This is Rob Long with Martini Shot KCRW.
I ran into a guy last week, in the waiting area of a big TV network. He was there to pitch a show, which was odd, because up until that moment, I had been pretty sure he was out of the business.
Not in a bad way, though. The guy had his name on three hit TV shows. He had a major chunk of the last two, which both ran several years, both hit syndication, both, in other words, which even individually would have made him a very rich man.
"Why are you here?" I wanted to ask him. "Why are you not in the South of France, or traveling the world on a yacht, or shopping for $300 shirts?"
But I don't ask people questions like that, questions that I really want to know the answer to. I ask questions like, "So, did you come over the hill or did you take the freeway?" And, "Do you like the Audi?" But I was curious, so I did what all writers do: I called a friend of mine, who's also this guy's friend, and asked him the question.
"How much does that guy have?"
"No idea. A lot. I mean, two shows. On points alone, Say he was at 25 modified adjusted to start. Gives some away, gets to the hard floor of, I want to say, 20 but let's be conservative and say 18--."
When writers talk about money, they suddenly get very very good at math.
"---and let's factor in fees which were high, times 22 episodes times 6 years, times 2 shows, the house in the Palisades--."
"Where?" I ask.
"Riviera," my friend says, with quiet awe. More calculating. Some subtraction for the kids at Crossroads and the college tuitions. The divorce. Still, you end up at a whopping sum.
"What is he doing here?" I ask. "Why is he not in the south of France? I mean, if this guy gets a show on the air -- his third! -- he'll be working so hard, late hours in the editing suite, casting, writing, getting notes from the studio, getting notes from the network, what's he want all of that for? You know, in his position, I'd be so far gone, so out of town. Swinging on a hammock somewhere. Starting a second career as a food writer. Traveling around the world on one of those freighters."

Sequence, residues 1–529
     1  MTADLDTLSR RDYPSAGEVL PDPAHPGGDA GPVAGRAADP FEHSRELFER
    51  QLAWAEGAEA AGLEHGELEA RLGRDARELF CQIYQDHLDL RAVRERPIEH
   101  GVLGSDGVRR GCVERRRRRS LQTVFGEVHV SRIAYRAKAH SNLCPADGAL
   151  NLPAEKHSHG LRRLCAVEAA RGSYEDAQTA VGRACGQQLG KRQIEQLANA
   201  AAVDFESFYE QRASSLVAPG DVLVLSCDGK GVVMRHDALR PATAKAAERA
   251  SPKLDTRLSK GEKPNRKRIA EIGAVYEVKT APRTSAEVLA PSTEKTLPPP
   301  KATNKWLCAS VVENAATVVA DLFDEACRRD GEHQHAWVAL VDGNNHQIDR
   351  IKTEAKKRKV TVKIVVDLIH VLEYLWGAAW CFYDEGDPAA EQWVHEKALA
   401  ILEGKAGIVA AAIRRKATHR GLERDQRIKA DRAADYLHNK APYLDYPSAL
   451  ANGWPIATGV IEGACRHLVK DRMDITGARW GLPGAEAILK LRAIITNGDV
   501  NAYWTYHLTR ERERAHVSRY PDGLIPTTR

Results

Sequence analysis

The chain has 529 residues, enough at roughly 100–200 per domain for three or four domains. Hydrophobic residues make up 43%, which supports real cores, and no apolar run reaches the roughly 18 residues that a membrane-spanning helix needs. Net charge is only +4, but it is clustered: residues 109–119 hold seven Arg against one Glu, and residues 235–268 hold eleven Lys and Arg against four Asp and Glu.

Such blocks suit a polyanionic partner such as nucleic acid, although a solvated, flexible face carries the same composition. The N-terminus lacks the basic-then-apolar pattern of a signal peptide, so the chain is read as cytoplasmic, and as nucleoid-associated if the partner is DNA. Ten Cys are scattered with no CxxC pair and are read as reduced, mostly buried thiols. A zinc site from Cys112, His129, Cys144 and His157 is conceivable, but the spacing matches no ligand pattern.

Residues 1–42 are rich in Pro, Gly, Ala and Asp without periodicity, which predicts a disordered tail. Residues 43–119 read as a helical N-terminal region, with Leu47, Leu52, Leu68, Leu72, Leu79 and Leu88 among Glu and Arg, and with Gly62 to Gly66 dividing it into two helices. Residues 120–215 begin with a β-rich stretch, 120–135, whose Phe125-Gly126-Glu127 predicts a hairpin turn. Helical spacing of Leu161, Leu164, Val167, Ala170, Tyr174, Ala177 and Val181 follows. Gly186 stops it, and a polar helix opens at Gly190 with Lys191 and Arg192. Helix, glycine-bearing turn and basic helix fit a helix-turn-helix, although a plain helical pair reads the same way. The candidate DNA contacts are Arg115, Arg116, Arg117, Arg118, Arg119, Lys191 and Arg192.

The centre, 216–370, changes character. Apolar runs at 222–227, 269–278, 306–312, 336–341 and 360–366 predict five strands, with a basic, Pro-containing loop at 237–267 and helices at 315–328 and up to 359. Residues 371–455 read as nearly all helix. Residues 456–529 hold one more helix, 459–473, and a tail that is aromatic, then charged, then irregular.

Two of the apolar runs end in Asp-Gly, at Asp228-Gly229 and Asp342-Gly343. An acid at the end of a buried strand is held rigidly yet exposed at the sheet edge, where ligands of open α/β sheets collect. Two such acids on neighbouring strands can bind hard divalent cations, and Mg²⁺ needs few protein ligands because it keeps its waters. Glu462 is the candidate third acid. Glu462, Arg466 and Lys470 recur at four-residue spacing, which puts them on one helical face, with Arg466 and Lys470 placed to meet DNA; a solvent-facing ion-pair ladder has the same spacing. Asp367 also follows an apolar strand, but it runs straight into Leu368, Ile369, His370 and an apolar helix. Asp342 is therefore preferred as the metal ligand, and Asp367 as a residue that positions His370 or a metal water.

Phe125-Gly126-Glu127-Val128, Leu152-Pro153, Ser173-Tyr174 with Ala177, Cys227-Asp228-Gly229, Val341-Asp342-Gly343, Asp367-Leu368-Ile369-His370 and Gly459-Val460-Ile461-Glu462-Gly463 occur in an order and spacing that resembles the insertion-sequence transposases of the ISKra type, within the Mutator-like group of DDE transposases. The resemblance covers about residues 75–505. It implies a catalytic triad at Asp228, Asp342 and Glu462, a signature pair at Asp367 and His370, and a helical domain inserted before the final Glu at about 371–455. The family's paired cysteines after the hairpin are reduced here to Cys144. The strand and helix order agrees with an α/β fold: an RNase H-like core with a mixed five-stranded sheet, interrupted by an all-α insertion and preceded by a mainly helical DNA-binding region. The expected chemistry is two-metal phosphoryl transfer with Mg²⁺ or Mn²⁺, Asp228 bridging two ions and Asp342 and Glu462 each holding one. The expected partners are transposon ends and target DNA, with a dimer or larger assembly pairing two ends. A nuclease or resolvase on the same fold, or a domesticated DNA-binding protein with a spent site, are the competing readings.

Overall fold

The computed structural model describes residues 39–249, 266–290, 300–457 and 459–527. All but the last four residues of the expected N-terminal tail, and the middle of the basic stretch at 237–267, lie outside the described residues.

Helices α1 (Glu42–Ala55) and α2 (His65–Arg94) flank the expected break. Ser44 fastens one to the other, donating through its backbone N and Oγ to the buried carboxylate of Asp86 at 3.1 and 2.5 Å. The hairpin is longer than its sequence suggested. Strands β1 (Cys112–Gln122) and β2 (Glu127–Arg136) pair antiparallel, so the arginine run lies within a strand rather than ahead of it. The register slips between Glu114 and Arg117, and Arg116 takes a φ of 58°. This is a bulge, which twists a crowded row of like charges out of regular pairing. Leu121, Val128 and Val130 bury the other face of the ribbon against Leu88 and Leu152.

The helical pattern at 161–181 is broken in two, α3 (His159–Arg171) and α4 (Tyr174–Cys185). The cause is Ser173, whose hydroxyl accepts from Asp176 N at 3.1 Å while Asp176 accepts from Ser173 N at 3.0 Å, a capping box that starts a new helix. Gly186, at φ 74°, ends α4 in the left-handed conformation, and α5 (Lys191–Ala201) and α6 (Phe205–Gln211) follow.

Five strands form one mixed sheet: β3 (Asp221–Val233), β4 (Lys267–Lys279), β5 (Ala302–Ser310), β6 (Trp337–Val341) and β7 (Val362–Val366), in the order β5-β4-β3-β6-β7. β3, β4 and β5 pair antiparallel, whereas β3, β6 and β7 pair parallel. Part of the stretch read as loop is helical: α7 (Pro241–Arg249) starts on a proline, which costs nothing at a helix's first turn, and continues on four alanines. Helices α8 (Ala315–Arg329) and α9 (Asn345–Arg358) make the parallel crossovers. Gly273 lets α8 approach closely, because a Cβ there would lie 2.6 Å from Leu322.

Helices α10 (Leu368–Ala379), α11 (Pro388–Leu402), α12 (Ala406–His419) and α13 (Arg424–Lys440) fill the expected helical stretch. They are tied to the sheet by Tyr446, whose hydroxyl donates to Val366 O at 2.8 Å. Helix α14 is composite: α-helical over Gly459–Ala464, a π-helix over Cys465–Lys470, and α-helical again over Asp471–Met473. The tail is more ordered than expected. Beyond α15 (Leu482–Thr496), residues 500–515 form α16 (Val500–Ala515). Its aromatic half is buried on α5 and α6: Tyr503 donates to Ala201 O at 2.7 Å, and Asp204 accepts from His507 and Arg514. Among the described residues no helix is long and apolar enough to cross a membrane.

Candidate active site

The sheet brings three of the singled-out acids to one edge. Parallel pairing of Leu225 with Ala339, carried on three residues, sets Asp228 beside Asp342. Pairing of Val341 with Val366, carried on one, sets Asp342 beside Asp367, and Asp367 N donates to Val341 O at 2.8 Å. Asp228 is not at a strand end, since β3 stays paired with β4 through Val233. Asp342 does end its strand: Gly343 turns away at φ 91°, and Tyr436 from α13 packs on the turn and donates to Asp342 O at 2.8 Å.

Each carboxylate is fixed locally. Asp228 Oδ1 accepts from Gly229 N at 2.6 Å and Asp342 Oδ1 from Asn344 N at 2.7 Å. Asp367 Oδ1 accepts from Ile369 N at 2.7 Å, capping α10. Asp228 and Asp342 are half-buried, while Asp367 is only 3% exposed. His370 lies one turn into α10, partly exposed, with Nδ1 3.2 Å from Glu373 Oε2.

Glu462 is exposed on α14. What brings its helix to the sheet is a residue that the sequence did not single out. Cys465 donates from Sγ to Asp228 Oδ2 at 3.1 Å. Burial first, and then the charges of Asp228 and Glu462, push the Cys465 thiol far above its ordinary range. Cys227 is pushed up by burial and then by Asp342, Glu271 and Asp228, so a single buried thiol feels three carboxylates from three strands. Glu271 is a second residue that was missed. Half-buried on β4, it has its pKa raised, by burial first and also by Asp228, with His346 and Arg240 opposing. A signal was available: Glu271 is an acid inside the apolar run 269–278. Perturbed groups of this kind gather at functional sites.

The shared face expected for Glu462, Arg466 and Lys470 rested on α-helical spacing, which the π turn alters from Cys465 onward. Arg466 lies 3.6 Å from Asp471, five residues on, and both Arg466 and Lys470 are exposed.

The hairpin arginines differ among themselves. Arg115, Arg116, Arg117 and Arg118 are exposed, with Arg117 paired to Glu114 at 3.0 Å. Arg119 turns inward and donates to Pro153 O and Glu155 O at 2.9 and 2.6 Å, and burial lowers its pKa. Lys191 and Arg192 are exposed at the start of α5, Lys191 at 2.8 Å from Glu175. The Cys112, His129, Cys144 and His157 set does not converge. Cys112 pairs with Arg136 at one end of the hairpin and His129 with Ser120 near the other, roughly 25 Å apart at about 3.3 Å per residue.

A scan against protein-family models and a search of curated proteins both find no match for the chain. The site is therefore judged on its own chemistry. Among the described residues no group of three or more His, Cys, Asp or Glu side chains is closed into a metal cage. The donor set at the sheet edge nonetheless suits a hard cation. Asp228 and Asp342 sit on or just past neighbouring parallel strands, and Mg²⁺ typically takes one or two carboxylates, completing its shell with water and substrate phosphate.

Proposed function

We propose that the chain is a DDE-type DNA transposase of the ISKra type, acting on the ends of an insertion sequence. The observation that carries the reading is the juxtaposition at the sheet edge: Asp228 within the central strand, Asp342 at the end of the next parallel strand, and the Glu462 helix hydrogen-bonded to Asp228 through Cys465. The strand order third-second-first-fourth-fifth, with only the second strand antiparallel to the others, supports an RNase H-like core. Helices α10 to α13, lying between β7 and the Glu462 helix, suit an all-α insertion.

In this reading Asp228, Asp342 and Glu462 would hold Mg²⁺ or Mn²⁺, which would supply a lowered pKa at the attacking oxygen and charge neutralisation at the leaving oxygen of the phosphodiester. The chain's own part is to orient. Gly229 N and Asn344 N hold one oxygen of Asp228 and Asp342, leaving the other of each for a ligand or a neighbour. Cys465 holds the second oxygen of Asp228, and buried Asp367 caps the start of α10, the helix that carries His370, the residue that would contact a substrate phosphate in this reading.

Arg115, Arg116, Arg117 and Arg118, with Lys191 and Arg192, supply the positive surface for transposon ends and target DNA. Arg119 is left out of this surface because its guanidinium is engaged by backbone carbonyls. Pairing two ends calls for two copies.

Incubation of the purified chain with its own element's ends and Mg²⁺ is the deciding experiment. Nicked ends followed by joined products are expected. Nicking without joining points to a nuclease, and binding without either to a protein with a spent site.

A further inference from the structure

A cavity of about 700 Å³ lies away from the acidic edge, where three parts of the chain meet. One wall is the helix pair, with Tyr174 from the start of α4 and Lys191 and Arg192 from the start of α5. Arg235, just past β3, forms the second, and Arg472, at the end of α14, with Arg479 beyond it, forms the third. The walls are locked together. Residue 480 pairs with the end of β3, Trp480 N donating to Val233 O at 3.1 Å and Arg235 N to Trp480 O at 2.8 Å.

"Wow. You've really thought about this," my friend says.
"Are you kidding? I have a file on my computer called "Things I'd Rather Be Doing." I have a bookmark file on my web browser called "Syndication Escapes" --"
"Well, this guy obviously likes working in television."
"But that's so sad," I say. "That poor guy. Here he is, so successful, so rich, he can do anything he wants, and it turns out that he has nothing else in his life but this business? How tragic. You know, I actually feel sorry for him."
"Did you ever think," my friend says, "that maybe that's why he's so successful?"
"Well, maybe he likes doing this. Maybe he genuinely likes television, likes casting and writing and producing and likes it enough to put up with notes and networks and executives. Maybe he has a show he's passionate about, something he's burning to do, and that's why he's still in the game?"
"Maybe, in order to be successful in television, you've got to really love doing it."
"You're not getting me."
"Maybe if you spend so much emotional energy planning your escapes and daydreaming about the day you can leave town, you don't have any left over for the work itself."
"I'm sorry," I say. "You're going through a bad cell. I'll have to call you back." And I hung up. Because life has few enough pleasures as it is, and feeling sorry for someone who is richer and more successful and more productive than you are is one of the juiciest. So I'm going to stick with, that poor guy, he has no life, how tragic, and ignore the possibility that he loves what he does and does it well, because, well, you know why because…
That's it for this week. Next week, I behave irresponsibly. Next week, we'll wonder why some people are still here.
For KCRW, this is Rob Long with Martini Shot.